We then changed the exhaust system to a tuned header, did some other changes and tuned to best power on our dyno. We measured 89.5 hp at 6000 rpm SAE J1349 at the crank. Again the loss is about 1 hp in the gearbox so have 88.5hp at the prop. This is actually 93.7hp at the prop adjusted to FAA standard day. Again we are conservative in our 85hp rating.

In general if you want to check for BS you can use a horse power calculator like: Horsepower calculator
 

alr

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Sorry about the confusion on our web site. The base engine we start with is factory rated 74 hp SAE J1349. SAE J1349 uses 77 degrees F and 29.24 inhg. As everyone knows an FAA standard day is 59 degrees F and 29.92 inhg. Adjusted to an FAA standard day this same engine is 78.4hp. The gearbox loss is about 1 hp so net to the prop is 77.4hp. We like to be conservative in our ratings so we called this 75hp based on the stock engine rating. This is what the power would have been if we had kept the engine fully stock and with the automotive exhaust system.

We then changed the exhaust system to a tuned header, did some other changes and tuned to best power on our dyno. We measured 89.5 hp at 6000 rpm SAE J1349 at the crank. Again the loss is about 1 hp in the gearbox so have 88.5hp at the prop. This is actually 93.7hp at the prop adjusted to FAA standard day. Again we are conservative in our 85hp rating.

In general if you want to check for BS you can use a horse power calculator like: Horsepower calculator
Thanks. Very informative.
 

TFF

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One you don’t want and one you can’t have. What kind of choice is that. I say, I say that’s a joke people.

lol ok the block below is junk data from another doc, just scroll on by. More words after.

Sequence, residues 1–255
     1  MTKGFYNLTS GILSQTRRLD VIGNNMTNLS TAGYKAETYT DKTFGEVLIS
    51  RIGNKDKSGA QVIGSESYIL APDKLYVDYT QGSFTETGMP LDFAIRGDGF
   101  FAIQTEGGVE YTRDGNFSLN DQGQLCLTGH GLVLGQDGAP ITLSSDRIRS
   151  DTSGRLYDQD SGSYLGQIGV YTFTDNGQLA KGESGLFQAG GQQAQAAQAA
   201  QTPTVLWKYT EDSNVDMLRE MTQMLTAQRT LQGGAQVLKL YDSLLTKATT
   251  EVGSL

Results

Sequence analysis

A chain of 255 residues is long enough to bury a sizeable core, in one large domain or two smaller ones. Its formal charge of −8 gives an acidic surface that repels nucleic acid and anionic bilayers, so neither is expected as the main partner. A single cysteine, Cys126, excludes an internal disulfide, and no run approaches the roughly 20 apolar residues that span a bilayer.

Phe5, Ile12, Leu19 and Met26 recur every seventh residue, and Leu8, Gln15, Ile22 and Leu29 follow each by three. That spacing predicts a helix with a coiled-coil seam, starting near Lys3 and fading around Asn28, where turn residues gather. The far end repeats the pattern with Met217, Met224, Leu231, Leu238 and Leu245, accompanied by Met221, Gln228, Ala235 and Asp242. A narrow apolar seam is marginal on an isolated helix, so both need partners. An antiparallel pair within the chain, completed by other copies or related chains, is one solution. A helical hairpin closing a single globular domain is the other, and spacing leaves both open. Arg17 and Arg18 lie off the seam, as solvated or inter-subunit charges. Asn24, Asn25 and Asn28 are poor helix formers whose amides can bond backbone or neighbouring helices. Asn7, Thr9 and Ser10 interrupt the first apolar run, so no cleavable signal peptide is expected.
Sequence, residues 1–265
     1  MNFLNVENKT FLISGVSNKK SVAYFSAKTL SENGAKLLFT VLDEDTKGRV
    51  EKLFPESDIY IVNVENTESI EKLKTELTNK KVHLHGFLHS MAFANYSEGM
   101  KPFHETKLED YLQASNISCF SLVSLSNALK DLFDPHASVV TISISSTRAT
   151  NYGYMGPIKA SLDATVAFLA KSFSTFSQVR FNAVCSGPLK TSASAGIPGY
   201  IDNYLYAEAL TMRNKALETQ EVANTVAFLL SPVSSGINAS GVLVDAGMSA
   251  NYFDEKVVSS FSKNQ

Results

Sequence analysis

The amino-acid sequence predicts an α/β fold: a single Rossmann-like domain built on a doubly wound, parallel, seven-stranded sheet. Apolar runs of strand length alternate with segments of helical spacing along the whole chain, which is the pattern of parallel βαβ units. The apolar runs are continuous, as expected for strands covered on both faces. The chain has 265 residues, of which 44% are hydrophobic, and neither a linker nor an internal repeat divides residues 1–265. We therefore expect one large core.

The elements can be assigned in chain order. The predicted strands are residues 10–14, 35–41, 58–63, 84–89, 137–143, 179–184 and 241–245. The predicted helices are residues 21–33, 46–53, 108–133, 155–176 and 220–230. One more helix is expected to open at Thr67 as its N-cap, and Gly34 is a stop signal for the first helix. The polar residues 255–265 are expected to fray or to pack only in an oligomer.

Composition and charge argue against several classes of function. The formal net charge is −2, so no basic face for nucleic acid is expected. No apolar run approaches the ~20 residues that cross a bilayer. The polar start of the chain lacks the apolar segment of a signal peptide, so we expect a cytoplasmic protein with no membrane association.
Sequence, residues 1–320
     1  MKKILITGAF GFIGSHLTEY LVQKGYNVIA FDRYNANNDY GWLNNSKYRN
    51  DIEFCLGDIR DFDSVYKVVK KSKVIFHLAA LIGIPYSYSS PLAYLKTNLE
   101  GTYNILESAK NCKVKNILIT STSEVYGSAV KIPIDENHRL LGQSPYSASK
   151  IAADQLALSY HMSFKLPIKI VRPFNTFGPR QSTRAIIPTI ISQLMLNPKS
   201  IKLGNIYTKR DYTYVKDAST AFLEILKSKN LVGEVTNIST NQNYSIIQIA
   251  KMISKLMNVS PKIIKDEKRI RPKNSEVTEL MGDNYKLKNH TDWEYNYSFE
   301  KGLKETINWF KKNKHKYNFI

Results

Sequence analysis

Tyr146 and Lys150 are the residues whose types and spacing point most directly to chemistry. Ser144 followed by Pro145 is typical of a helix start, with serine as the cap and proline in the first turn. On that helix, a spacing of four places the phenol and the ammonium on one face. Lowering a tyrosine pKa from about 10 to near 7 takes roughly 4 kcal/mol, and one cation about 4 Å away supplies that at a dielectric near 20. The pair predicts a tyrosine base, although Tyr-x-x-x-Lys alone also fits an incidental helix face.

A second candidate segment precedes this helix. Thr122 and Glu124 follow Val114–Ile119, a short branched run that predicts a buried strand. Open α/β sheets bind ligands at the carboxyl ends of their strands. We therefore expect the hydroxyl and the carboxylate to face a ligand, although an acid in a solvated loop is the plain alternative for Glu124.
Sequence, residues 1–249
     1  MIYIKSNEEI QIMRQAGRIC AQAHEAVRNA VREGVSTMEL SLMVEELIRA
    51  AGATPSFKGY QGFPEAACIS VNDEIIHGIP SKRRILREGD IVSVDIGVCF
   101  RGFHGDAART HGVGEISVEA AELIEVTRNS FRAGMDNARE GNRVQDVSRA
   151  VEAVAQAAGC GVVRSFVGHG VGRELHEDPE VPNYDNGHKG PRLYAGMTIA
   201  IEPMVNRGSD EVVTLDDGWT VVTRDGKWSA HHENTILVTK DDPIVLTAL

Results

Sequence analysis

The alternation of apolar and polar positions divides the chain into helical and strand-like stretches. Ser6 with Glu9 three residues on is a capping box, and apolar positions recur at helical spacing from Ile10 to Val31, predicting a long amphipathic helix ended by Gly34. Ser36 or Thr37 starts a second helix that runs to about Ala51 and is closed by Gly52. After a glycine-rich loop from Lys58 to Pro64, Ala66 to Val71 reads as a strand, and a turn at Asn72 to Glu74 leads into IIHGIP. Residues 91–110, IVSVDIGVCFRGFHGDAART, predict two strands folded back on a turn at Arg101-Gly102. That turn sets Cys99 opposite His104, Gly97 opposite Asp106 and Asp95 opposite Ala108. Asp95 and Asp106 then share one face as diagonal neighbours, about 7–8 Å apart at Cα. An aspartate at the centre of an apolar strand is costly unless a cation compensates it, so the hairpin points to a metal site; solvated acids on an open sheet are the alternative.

sotaro

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I remember reading some little blurb a while back that as a promotional demonstration (pronounced "publicity stunt") some guy from Ford put an Ecoboost engine block in his carry-on luggage on a flight somewhere ??? Could they have done that stunt with a cast iron block, or was that an aluminum prototype?
I remember reading the car magazines when it was introduced. They mentioned putting it in their luggage. I don't remember carry on. I am pretty sure the block was 88 lbs, as I remember. Memory being a fickle thing, you might want to investigate further.
 

Jay Kempf

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Does anyone have any 3D models of any of these engines? I don't want proprietary manufacturing stuff. Just a simple interface lump. Most interested in the 3 cylinder model. I thought there would be a generic model out there of the suzuki 1.0 L engine but no luck. I have aeromomentum's 3 views. Lot of work to get it there but I am willing. Still futzing around with the Facet Opal.
 

aeromomentum

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I remember reading the car magazines when it was introduced. They mentioned putting it in their luggage. I don't remember carry on. I am pretty sure the block was 88 lbs, as I remember. Memory being a fickle thing, you might want to investigate further.
Our AM13 block is 31.5 lbs. Not carry on but definitely you can have it in your checked baggage. The long block is 115 lbs.